A Dangerous Path for Politically Active Christians


If you wear people out talking about your candidate, they won't want to hear about your Savior, McKinney says.

Are you a politically active Christian?

For our purposes, let's say you qualify as politically active if you have shared between one and 247 emails or social media posts with political themes in the last week.

For those of you who are closer to the 247 end of that range - whose watercooler conversations and Facebook posts are all about selling your candidate or bashing the other one - let me start with a practical political observation.

Take a moment to pull out a blank sheet of paper and look carefully at it.

That sheet of paper includes the complete list of all the people your posts and emails have persuaded to vote for your candidate.

I can assure you that you have never crossed paths with a human who decided to vote for a candidate because they were wowed by your social media posts. In fact, your posts might have pushed people away from your candidate.

But there's an even bigger problem: Your posts about politics can push people away from Christ.

When you wade into politics with huge passion, loud volume and heavy certainty, you are going to offend somebody. And once you offend somebody, it is hard to get them to listen to you on other matters.

The Bible warns us, "An offended friend is harder to win back than a fortified city" (Proverbs 18:19).

If you offend people over politics, you may lose the opportunity to talk to them about something much more important - the love of Christ. If you wear people out talking about your candidate, they won't want to hear about your Savior.

When I offend someone, I want it to be over something that truly matters. I don't want to push my agenda about some side issue (and no matter how important politics may be, it is a side issue) and lose the right to be heard about things of eternal significance.

The nature of political discussion increases the level of risk. Politics in the United States right now is very much an us-versus-them endeavor.

We don't have Democrats and Republicans fighting side by side for our country; they are fighting each other.

We don't have political leaders working together to attack our nation's problems; they are attacking each other.

In most political conversations, both sides spend the bulk of the time screaming at each other.

If you tuned in to the most recent presidential debate, or if you have glanced at your Twitter feed since then, you know what that screaming sounds like.

When we add our voices to the screaming, when we jump into the us-versus-them fiasco with Jesus on our side, we do something dangerous.

Intentionally or not, we communicate to those who disagree with us that they are against Jesus, and that Jesus is against them.

A passionate Christian Republican says, "I'm about cutting taxes, securing our borders, the right to bear arms - and Jesus." It is strongly implied that Jesus is for all the things that Republican is for, and if you want Jesus, you have to have him as part of a Republican package.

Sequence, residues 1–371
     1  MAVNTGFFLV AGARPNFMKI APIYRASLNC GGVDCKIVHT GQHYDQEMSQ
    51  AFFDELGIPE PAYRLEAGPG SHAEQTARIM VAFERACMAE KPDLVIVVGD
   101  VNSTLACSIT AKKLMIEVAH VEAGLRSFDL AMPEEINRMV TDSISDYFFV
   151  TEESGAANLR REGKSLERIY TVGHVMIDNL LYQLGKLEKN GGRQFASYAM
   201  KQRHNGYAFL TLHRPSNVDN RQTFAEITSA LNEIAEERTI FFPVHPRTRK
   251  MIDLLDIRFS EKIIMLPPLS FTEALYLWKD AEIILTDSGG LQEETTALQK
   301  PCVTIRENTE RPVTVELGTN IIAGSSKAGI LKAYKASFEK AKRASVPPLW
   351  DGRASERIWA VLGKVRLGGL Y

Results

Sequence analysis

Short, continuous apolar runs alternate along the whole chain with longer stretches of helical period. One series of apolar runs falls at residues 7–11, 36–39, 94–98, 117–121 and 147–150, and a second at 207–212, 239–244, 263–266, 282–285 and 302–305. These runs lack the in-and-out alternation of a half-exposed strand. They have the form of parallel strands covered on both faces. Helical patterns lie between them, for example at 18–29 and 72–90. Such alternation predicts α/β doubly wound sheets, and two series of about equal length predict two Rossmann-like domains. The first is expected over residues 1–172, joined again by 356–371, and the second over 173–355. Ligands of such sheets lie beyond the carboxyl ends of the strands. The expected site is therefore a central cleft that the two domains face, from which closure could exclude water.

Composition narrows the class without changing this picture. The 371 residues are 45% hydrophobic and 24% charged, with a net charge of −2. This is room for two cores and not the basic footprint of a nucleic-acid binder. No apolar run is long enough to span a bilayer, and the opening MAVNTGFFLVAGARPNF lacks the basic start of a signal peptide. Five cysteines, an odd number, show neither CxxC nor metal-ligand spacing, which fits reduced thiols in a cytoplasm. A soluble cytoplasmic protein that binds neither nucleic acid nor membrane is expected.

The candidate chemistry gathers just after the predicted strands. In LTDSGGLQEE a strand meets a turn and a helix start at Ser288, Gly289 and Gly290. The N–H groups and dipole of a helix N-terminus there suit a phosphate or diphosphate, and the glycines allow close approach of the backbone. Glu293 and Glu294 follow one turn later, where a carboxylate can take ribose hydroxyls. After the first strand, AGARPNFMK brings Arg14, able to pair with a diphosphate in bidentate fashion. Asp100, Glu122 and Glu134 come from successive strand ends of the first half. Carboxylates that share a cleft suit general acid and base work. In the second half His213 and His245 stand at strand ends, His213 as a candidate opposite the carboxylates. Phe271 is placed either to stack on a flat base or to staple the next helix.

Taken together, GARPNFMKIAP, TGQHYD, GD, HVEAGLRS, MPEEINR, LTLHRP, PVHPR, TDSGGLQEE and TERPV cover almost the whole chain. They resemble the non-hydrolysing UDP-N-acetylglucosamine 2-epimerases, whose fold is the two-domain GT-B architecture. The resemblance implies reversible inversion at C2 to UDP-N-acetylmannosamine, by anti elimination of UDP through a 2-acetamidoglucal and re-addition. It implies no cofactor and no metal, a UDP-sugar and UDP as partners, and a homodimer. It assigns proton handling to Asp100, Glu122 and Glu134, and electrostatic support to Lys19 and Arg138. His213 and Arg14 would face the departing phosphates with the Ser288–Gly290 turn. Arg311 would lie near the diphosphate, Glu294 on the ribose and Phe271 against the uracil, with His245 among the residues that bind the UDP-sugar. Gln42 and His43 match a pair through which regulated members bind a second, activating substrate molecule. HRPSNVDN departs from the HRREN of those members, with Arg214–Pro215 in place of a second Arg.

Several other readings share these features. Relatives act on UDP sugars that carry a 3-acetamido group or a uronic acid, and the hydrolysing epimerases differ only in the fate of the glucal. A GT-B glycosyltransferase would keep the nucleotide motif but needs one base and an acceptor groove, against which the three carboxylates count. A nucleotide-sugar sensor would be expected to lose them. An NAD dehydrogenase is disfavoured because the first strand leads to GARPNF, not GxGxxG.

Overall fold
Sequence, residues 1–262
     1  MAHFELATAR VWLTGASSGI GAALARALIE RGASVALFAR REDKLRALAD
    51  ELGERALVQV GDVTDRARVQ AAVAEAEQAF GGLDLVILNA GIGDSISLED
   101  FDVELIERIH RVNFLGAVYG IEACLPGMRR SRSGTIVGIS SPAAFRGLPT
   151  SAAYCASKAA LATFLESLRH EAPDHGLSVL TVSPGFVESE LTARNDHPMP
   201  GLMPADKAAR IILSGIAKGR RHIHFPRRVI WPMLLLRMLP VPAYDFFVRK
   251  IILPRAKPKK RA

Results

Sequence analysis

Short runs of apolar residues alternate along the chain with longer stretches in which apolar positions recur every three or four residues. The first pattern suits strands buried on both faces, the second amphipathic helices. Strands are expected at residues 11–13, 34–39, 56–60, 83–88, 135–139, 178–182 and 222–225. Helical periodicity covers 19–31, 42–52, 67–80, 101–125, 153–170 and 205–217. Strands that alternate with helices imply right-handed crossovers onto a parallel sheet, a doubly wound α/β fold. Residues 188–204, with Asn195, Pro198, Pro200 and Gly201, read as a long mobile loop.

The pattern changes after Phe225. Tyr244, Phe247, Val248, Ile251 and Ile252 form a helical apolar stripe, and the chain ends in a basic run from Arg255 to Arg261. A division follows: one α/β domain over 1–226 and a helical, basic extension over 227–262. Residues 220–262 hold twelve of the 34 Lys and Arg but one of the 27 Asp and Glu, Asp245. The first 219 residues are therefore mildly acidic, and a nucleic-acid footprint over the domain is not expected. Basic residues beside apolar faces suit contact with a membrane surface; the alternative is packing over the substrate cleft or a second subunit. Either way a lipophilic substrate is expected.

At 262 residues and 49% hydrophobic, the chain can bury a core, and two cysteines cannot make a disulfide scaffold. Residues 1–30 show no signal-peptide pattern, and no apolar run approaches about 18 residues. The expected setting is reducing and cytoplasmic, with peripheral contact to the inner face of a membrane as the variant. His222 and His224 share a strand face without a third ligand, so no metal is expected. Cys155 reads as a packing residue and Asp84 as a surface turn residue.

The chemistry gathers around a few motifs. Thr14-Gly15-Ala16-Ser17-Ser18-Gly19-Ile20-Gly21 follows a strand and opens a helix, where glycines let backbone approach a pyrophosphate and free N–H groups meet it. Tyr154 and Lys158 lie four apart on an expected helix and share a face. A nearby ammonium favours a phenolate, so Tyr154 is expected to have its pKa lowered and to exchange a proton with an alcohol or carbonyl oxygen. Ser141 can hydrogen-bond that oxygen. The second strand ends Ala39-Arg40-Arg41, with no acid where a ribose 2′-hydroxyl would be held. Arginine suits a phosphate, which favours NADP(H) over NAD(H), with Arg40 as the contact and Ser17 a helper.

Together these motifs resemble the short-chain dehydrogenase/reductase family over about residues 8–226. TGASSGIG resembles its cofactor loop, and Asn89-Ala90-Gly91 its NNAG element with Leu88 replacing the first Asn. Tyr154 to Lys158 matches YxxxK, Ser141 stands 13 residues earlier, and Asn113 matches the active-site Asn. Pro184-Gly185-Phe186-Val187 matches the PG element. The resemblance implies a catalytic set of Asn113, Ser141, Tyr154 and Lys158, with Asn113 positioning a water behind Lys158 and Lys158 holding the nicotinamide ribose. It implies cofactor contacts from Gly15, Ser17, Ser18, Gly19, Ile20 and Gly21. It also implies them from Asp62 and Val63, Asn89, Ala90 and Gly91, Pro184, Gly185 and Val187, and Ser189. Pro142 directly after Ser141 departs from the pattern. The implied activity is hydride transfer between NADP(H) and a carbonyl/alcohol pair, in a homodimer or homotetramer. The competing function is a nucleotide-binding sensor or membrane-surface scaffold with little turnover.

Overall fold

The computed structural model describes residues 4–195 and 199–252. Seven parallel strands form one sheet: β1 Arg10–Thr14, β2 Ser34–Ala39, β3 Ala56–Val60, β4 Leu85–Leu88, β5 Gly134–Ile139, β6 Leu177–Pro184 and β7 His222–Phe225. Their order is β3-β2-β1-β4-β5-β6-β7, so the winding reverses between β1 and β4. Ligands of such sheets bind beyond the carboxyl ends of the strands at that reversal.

A passionate Christian Democrat says, "I'm about healthcare for all, gun control, addressing climate change - and Jesus." It is strongly implied that Jesus is for all the things that Democrat is for, and if you want Jesus, you have to have him as part of a Democratic package.

When you passionately voice your political opinions, at the very least you cause nonbelievers who disagree with your opinions to question your reliability.

They will be less likely to consider you to be a credible source regarding matters of life-and-death importance.

At worst, you lead them to decide that if they have to have Trump and Jesus together, or Clinton and Jesus together, then they won't have Jesus.

Are you free to speak your mind about political matters? Absolutely. Should you speak up when political decisions have ethical and spiritual ramifications? Absolutely.

But be careful about how you discuss politics, and how often. Realize that your political talk can have unintended consequences on the spiritual lives of the people who hear you.

The more obnoxious you are in talking about politics, the more people will tune you out in matters of faith.

The next time you are about to corner your neighbor, forward an email or post a rant, pause to think about it first. Your attempts to lure people to your political party can push them away from Christ.

Blake McKinney is the pastor of First Baptist Church of Lee's Summit, Missouri, and the author of "Refresh: A Moment with God in the Middle of Your Day." A version of this article originally appeared on his blog, Intersections, and is used with permission. He and his wife, Gayla, also write a marriage blog, Same Team. You can follow him on Twitter @JBlakeMcKinney.

Editor's note: McKinney's previous column, "Getting Some Perspective This Election Season," can be read here.

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Tags: Blake McKinney, Presidential Election, Social Media


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